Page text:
Monsoon coffees, named after India's monsoon winds, involves storing coffee in open warehouses, to allow the monsoon air to circulate freely around the bags. The cherry coffee absorbs moisture from the humid monsoon wind, causing the beans to swell to nearly double their original size, causing the beans to become extremely light in weight, and causing the color of the beans to change to a pale yellow/straw or almost white color. The monsooning process takes 12 to 16 weeks.
Monsooned coffee is not organic at the end of monsooning, after the coffee is polished and graded, it is fumigated to prevent weevil attack.
Many swear by this coffee but it is not for everyone. It produces a musty, pungent cup with a complex of potent flavors and a caramel finish. Those who demand a "clean" cup should look elsewhere.Roasting recommendation
You might also want to use monsoon in espresso blends many do to add sweetness and body. Some Italian espresso roasting companies get their "exotic" blend offering by adding a monsoon to their mix.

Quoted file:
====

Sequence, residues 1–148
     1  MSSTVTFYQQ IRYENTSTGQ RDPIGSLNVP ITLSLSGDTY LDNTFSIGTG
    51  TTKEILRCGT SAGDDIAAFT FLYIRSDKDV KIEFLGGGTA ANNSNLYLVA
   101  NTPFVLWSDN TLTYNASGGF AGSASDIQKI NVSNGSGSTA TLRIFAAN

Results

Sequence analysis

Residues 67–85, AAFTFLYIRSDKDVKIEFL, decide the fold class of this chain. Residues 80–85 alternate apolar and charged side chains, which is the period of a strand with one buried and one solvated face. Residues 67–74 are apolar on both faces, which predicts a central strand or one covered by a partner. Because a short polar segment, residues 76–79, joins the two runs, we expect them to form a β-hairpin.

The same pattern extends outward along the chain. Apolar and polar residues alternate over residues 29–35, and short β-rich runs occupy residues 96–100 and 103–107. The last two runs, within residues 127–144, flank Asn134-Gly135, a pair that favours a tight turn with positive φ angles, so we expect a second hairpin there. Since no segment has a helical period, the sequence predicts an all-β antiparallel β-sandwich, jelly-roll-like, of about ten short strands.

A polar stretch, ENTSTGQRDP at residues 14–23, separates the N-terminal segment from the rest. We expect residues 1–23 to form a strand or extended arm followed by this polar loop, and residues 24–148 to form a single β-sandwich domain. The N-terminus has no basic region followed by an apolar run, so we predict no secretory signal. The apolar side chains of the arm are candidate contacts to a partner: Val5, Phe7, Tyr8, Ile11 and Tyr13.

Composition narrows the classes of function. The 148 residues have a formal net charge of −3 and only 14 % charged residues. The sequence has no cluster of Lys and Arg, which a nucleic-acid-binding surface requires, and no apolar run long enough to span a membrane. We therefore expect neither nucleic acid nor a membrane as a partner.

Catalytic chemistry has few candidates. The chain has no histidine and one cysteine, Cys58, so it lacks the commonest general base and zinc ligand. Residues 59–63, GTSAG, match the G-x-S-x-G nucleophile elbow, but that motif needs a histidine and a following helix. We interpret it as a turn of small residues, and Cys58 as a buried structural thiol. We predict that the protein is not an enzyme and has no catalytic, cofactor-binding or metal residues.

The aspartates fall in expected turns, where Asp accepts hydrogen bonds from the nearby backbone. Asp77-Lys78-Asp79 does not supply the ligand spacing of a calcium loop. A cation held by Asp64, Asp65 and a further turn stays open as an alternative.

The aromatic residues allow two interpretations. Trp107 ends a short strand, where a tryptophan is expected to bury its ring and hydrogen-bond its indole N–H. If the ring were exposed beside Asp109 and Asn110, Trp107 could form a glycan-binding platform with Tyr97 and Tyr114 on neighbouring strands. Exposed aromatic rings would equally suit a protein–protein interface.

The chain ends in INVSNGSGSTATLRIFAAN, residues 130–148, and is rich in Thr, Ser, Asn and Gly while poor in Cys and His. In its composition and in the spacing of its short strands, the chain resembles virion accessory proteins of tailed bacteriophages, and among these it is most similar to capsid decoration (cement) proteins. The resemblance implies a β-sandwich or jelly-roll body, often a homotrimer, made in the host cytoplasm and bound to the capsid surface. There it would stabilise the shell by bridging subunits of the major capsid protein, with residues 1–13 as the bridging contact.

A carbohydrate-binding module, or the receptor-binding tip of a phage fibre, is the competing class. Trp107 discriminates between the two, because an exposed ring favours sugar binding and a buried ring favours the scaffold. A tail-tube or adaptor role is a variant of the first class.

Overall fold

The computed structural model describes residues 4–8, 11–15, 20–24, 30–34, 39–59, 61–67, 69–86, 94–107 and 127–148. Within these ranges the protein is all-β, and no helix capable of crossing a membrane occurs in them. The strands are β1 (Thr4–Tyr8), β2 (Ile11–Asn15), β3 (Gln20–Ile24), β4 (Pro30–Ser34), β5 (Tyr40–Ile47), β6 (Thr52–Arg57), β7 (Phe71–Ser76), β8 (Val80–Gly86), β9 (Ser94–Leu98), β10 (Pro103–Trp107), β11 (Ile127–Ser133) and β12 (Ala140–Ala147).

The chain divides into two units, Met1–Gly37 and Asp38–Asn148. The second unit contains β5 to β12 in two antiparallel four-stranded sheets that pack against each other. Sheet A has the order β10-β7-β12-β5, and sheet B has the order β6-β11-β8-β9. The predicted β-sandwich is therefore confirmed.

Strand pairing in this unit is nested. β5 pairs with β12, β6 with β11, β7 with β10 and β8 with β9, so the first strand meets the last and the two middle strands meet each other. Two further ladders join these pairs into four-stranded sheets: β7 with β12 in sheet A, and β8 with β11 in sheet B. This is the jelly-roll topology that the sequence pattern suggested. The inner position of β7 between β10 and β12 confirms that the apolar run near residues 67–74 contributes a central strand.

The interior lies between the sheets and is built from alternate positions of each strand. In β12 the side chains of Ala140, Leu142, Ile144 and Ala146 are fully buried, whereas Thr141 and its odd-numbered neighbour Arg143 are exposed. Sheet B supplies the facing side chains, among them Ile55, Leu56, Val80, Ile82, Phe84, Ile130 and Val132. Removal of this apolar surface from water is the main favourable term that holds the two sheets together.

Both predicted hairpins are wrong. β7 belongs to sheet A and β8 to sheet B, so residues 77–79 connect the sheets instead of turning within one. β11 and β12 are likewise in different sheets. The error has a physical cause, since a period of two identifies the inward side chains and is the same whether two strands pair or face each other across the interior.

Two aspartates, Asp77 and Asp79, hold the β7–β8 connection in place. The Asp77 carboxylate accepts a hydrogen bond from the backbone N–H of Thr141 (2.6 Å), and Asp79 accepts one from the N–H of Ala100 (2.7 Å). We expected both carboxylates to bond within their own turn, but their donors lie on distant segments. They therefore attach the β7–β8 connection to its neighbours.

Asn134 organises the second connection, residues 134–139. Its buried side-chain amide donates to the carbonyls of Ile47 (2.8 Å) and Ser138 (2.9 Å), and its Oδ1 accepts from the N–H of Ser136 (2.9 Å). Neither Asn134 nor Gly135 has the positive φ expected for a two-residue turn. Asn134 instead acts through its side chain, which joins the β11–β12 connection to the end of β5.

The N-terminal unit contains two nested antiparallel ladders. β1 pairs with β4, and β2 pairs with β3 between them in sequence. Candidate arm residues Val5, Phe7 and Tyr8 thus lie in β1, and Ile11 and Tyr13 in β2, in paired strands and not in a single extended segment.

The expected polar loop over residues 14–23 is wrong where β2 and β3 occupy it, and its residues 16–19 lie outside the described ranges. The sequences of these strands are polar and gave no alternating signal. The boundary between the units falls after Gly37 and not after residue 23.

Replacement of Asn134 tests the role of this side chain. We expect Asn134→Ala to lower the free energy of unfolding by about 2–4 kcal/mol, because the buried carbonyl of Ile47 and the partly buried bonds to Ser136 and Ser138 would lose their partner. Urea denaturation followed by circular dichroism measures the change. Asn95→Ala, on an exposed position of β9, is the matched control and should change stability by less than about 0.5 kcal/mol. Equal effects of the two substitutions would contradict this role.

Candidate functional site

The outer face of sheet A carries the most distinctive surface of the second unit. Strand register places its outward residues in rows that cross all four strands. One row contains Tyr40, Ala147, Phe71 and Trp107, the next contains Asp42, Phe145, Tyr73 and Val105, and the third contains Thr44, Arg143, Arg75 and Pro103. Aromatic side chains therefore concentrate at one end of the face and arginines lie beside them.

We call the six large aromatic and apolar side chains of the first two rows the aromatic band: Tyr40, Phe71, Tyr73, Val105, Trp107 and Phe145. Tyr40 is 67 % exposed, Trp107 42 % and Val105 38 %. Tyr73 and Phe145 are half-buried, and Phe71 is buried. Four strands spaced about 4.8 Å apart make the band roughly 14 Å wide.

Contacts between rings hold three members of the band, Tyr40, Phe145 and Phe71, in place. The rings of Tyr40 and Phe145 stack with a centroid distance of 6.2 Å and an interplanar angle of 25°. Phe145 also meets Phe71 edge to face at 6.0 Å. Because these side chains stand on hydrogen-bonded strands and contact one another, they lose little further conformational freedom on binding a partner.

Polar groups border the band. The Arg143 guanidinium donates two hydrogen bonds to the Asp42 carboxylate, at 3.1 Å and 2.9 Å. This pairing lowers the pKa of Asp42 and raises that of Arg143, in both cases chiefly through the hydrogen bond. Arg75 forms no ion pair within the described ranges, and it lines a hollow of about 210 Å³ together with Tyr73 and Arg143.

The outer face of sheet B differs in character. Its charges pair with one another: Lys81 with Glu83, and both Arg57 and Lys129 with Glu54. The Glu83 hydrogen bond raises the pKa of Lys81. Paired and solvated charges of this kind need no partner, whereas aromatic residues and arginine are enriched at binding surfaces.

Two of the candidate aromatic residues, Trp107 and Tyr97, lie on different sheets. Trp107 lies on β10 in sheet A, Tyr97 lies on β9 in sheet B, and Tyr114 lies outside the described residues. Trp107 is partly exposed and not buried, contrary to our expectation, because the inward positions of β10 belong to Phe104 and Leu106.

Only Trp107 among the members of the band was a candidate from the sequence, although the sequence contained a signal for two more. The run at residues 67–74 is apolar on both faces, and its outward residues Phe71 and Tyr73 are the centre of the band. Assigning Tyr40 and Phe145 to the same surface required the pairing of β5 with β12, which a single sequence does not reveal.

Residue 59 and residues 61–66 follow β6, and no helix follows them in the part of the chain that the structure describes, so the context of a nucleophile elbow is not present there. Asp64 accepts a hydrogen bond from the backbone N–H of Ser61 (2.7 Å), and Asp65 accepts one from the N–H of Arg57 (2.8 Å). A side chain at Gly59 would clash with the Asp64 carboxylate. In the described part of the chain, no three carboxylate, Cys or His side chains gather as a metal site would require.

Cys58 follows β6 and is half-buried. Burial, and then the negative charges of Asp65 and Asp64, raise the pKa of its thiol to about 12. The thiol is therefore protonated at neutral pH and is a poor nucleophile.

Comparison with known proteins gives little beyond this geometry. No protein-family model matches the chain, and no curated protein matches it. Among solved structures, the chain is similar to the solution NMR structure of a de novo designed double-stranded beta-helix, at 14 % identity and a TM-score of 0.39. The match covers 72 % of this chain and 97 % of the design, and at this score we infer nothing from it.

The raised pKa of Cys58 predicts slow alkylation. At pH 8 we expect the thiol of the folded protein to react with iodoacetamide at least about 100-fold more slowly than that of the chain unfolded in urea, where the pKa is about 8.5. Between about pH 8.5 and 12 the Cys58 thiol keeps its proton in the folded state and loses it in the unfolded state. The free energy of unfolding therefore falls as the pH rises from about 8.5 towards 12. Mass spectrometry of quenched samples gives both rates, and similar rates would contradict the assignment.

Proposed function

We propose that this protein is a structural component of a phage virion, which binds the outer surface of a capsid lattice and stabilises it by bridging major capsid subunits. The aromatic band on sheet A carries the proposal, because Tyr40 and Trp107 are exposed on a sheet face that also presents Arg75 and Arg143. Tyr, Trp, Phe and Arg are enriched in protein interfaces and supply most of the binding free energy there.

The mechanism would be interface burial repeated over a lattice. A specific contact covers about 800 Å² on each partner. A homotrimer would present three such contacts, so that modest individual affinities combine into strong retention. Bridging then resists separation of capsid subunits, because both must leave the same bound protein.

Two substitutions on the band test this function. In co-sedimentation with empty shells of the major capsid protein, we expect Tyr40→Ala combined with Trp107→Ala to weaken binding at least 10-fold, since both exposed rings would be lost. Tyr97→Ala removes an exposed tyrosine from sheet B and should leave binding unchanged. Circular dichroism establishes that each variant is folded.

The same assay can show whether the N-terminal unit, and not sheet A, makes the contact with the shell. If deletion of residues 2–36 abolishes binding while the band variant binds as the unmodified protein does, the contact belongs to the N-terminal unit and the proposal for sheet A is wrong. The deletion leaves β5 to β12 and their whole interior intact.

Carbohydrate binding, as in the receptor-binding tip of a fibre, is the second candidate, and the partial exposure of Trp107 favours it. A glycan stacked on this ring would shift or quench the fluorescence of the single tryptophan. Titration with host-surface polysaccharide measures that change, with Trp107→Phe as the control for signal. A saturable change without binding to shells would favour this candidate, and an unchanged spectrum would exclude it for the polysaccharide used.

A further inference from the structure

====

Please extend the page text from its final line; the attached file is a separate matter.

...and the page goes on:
About the bean:
Unlike most of our coffees, which are named after the region in which they're grown, Santos is named after the port from which Brazil's famous coffees are shipped -- the beans are a blend of beans from many regions. These beans have been decaffeinated using the Swiss Water Process and are well regarded if unremarkable. The Santos Decaf Swiss Water Process yields a light bodied, low acid brew with a pleasant aroma and a mild, smooth flavor. Many will blend their Santos with pricier, more distinctive beans that retain their intense flavor even when cut with Santos.
Roast this one light.
Even though nearly 75% of Brazil's coffee farms are considered small farm plantations (less than 10 acres each), Brazil has one of the coffee industry's best, most advanced coffee processing systems. It's no wonder Brazil is the world's leading coffee producer.
Brazil Santos gourmet coffee beans are processed using a natural dry method, which dries the coffee bean inside the cherry. This process ensures some of the fruit's sweetness remains.
Santos is the port much of Brazil's coffee passes through, it is not a coffee region.
Strictly Soft (SS-top grade): Grown at a lower altitude, this bean is less acidic than denser beans. The medium-toned brightness it does possess is somewhat reminiscent of tobacco/spice at first taste, but caramel is the longer note. This is a sweet bean, and makes a good base for espresso.
Species: Coffee Arabica
Appearance: 17-18 Screen
Flavour: Good for espresso (lots of crema and body)
Roast: City to Full City (soft bean, will roast quickly)